Tuesday 13th August – Durlston   Leave a comment

I was intending to update the blog tomorrow with an account of this week’s events, but in view of today’s ringing success I’ll do a quick post, just about Tuesday.

Shaun and I met at 0600 at Durlston and as there were only two of us we only erected three nets. As on Saturday we were very busy from 0630 to 0730, then it tailed off quickly. Apart from the 76 Willow Warblers that we ringed, the most notable feature early on were the number of Garden Warblers (22 were in total, a new record for the site) and two Common Redstarts. By midday when I packed in we had ringed 117 birds

At 1030 I extracted a Melodious Warbler, this is a scarce but annual migrant in Dorset mainly in August, breeding as close as northern France. However nearly all Dorset records come from Portland and although I have seen several in the field I have never seen one in the hand. Unfortunately Shaun had to depart for work at 0930, so I was alone when it was trapped, but Hamish Murray was still in his office nearby and was able to get to see the bird.

Melodious Warblers belong to the genus Hippolais, members of which have typically wide based bills, square ended tails and short undertail coverts. Melodious is best told from its closest relative, Icterine Warbler, by the short primary projection, i.e the degree to which the primaries extend beyond the exposed tertials. Compared to the Willow Warbler that was trapped at the same time, it had a similar wing length of 66mm but was a larger, stockier bird with a much heavier bill.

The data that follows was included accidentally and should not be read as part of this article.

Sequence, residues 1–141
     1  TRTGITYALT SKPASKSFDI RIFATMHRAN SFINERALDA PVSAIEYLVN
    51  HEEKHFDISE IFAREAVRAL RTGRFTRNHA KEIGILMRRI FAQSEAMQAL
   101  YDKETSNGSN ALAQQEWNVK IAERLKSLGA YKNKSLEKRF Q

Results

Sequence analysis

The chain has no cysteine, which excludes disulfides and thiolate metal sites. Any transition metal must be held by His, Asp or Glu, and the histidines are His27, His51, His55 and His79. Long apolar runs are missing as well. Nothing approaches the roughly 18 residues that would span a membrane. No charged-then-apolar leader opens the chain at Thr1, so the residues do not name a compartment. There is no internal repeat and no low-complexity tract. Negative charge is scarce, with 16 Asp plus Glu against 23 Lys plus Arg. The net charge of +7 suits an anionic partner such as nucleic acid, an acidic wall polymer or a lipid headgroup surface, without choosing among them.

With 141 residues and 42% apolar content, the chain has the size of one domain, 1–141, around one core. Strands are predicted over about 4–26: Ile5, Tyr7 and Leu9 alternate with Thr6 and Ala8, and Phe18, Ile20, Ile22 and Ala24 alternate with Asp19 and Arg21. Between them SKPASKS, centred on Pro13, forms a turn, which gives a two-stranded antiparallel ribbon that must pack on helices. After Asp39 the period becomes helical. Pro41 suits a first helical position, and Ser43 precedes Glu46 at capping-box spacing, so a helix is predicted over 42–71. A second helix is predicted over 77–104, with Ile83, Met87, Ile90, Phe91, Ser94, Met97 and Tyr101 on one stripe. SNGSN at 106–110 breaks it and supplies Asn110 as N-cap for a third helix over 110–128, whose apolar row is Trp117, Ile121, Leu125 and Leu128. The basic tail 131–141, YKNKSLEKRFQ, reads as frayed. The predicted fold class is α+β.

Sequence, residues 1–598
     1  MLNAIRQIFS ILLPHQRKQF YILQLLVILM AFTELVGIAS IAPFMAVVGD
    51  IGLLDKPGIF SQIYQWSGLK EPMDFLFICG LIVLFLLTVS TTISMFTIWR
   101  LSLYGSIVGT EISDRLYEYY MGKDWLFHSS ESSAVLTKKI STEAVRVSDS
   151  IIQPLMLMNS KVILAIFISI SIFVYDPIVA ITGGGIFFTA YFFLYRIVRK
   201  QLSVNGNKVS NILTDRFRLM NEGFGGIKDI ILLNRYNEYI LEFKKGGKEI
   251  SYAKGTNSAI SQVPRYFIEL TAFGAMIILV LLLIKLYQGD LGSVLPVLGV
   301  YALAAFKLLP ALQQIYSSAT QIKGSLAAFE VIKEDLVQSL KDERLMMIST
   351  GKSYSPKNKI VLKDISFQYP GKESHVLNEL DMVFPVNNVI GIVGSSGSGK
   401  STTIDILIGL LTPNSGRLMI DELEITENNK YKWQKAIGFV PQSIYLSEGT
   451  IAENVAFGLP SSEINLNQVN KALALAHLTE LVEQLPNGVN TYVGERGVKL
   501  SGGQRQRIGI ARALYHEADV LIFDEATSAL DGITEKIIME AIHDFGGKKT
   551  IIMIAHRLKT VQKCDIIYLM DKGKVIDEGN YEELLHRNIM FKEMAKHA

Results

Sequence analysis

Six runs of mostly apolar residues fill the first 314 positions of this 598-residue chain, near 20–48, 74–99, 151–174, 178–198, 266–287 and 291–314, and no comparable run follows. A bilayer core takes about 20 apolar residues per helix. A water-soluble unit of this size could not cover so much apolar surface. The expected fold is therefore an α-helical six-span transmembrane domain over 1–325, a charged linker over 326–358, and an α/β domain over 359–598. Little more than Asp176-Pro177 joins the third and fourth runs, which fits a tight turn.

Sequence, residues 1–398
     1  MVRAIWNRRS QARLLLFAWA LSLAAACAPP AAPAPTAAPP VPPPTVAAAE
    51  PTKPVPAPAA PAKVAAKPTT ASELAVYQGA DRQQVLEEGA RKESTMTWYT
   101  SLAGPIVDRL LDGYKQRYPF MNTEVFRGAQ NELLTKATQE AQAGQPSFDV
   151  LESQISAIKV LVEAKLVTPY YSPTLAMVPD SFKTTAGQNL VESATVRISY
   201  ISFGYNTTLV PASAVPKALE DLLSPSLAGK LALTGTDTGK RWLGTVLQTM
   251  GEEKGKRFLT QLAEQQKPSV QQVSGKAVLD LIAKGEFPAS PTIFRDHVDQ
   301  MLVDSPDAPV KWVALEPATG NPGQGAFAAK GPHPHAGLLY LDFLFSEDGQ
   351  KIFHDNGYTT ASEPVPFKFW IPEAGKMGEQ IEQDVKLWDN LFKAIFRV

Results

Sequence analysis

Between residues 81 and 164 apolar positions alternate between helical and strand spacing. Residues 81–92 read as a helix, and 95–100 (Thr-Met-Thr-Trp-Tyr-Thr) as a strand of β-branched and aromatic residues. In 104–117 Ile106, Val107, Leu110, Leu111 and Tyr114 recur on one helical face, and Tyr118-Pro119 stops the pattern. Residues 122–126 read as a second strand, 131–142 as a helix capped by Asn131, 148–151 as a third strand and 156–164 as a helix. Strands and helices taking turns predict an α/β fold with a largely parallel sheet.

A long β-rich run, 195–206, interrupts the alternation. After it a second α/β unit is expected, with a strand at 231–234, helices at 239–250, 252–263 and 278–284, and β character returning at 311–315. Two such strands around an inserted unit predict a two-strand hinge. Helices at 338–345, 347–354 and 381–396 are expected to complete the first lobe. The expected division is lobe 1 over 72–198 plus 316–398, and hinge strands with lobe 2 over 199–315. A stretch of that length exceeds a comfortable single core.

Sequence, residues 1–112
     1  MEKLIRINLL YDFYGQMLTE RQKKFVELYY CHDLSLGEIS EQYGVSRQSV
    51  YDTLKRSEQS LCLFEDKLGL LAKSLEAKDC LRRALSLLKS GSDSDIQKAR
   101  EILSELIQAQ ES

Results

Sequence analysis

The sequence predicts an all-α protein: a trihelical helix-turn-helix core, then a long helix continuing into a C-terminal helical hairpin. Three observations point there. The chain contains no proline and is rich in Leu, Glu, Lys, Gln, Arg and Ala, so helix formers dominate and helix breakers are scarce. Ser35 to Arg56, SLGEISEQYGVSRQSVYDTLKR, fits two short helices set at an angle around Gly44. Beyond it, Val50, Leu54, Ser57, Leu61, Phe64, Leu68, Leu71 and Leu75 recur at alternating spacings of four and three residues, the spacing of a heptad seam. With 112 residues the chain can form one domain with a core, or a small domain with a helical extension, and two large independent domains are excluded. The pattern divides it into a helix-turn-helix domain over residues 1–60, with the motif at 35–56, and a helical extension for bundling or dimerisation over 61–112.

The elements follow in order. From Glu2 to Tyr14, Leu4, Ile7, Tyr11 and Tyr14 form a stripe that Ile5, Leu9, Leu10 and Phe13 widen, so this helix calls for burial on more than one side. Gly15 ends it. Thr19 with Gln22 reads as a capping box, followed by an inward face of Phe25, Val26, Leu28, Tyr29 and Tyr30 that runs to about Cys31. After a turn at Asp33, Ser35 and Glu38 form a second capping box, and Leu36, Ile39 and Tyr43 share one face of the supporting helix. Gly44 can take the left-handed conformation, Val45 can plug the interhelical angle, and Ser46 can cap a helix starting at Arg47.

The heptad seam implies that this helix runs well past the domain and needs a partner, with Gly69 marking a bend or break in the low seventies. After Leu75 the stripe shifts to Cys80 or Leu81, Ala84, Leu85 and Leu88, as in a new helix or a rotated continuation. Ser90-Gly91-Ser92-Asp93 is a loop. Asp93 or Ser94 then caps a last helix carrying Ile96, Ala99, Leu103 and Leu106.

This was certainly the highlight of my ringing this year, I just wish there had been another ringer present to enjoy it.



The plain face caused by the weak supercillium and pale lores, along with the stout, broad-based bill indicates a Hippolais warbler. The visible primary projection is only about half the length of the exposed tertials (equal in Icterine), with 7 primary tips showing. The tail projection beyond the tip of the primaries is at least twice the length of the exposed primaries (equal or less in Icterine) and the 1st primary extends well beyond the primary coverts (equal in length in Icterine).



As expected this was a fresh first year bird, like Acrocephalus warblers, adult Melodious moult on arrival on their winter grounds and hence would be abraded at this time of year. In the shade, the subtle yellow wash to the plumage in this species was more obvious.



Unfortunately I have cast a shadow over the stonking bill.



Posted August 13, 2013 by gryllosblog in Uncategorized

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